Haleh Esfandiari, an Iranian-American academic who heads the Middle East Program at the Woodrow Wilson International Center for Scholars, returned to Tehran in late 2006 to visit her then 93-year-old mother. As she was heading to the airport to leave Iran, her car was forced off the road by armed men who stole her belongings and her passport. As she attempted to obtain replacement travel documents, she was questioned by Iranian intelligence officials about her work at the Wilson Center. On May 8, 2007, she was formally arrested and transferred to the notorious Evin prison. She was kept in solitary confinement, often blindfolded and totally disconnected from the outside world.
After an international campaign calling for her release, the Iranian authorities freed Esfandiari after 105 days of imprisonment, on Aug. 21, 2007. She recently published My Prison, My Home: One Woman's Story of Captivity in Iran, detailing her experiences leading up to and during her imprisonment. Foreign Policy's David Kenner caught up with Esfandiari this week to discuss her book and to hear her thoughts on the Iranian regime's continuing attempts to cope with the protests that swept the country following June's presidential election.
Foreign Policy: The Iranian government held you in Iran for eight months and in solitary confinement for 105 days. In your book, you wrote that you were sometimes interrogated for six to eight hours at a time. What question did they ask more than any other question? What did they want to know?
Haleh Esfandiari: They were interested, basically, in the nature of my work at the Wilson Center. They would say: OK, who is financing the work of these centers? I would say look, just go on our Web site. And of course, we get funds from different organizations: from the Ford Foundation, the Rockefeller Foundation, the Luce Foundation, and the Soros Foundation. They focused on the Soros Foundation. They said, aha! Soros was involved in promoting a soft revolution in what used to be the Soviet Union. And now they are focusing on Iran.
Don't forget: I was arrested under the Bush administration, and they were very suspicious of the administration. There was this loose talk going on in Washington about regime change. And "rogue states," the "axis of evil" -- all these things. Plus, Congress had allocated $75 million to promote democracy in Iran. So there is this sense of paranoia among the Intelligence Ministry and the government of President [Mahmoud] Ahmadinejad.
FP: You mentioned the $75 million Congress allocated to democracy programs in Iran. Do you still believe, even after the June protests, that it is counterproductive for the United States to provide money to Iranian NGOs for democracy promotion programs?
HE: Every time we had a representative of NGOs speaking at the Wilson Center, they would say we are not going to touch this money because this would give the regime a reason to limit our activities or close our organization. So, my argument all along has been that [the U.S. government should] get in touch with the civil society people in Iran. If they want to accept it, they'll take it. If they don't want to accept it, don't try and do it through back channels.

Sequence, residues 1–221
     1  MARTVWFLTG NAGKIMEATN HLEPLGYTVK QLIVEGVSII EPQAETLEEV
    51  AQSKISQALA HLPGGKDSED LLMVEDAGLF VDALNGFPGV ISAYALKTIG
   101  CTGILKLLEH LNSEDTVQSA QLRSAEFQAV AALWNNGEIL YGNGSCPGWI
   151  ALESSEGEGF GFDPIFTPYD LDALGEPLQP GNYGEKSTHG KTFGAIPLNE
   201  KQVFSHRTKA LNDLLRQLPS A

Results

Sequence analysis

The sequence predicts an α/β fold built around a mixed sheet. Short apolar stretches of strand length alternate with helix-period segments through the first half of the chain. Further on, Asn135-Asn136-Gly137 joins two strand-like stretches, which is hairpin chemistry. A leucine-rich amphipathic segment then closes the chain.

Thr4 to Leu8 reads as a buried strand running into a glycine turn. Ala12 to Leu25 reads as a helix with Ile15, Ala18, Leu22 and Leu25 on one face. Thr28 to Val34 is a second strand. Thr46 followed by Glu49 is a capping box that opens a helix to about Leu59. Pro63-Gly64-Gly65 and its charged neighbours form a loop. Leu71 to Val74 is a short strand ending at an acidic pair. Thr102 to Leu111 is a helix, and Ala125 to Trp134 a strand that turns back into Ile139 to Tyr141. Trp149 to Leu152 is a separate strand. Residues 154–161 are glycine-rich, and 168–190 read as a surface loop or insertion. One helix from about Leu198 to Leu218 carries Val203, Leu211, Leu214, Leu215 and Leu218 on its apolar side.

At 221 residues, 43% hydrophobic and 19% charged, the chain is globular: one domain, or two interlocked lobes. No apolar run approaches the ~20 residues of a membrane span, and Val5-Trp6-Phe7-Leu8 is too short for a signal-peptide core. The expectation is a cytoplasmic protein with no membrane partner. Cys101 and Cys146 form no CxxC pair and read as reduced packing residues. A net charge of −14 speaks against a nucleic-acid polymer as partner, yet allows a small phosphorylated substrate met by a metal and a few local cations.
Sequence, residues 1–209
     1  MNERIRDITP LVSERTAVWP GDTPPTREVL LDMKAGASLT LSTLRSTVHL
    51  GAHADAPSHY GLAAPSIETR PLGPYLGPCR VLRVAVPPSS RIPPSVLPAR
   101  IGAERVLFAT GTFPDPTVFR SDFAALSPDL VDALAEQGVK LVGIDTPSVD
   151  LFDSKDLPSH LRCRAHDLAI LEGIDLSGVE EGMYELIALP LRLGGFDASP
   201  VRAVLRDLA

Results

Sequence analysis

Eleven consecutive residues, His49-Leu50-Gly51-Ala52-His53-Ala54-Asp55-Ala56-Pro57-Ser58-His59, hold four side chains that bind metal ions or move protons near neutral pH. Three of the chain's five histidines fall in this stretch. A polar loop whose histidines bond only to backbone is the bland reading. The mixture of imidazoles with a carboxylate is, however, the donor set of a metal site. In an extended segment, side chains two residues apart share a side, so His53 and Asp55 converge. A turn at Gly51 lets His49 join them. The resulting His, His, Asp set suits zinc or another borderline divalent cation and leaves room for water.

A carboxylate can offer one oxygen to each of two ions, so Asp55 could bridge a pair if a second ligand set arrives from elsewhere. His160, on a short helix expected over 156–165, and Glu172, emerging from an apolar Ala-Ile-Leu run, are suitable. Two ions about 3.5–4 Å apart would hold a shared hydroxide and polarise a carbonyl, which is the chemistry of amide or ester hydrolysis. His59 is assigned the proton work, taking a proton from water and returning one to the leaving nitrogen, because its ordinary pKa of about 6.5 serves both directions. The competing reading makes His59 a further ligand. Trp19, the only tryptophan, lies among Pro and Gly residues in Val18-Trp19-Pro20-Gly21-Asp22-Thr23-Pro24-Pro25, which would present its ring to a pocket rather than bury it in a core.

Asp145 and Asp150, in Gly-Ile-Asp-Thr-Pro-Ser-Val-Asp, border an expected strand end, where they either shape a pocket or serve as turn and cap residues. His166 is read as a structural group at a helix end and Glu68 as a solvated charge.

If an NGO thinks they can, hypothetically, take $1 million from the U.S. to set up educational workshops, not necessarily to promote democracy but to do vocational training for men and women, why not? Give it to them. The people on the ground always know best, better than the people who are just sitting [in Washington] and judging the situation from afar.
FP: Did your detention change your opinion about the Iranian government?
HE: Sure. I truly was very disappointed in them. I can understand their feeling of being under siege by the United States, but I cannot understand why such a powerful government, who looks at itself as the strongest power in the Persian Gulf, would worry about a soft revolution. ... [A]t the end [of the imprisonment], I wasn't sure why they arrested me. But now, two years later, I can understand. When, now, they have gone after their own people and brought the same accusations against them.
FP: Do you think the Iranian government will begin accusing members of the opposition movement of the same things which they accused you?
HE: They have accused them. They have accused former Vice President [Muhammad Ali] Abtahi. They have accused [Iranian reformer Saeed] Hajjarian. They have accused a number of cabinet ministers and former members of parliament for being part of this effort of bringing about change through soft means.
They look at the Green movement just as they looked at the Orange movement [in Ukraine] and the Rose movement [in Georgia]. Which is shocking to me, because Mr. Karroubi and Mr. Mousavi and the rest all have perfect revolutionary credentials. They didn't want a revolution; they were basically talking about change, and that was that. They didn't want to overthrow the regime.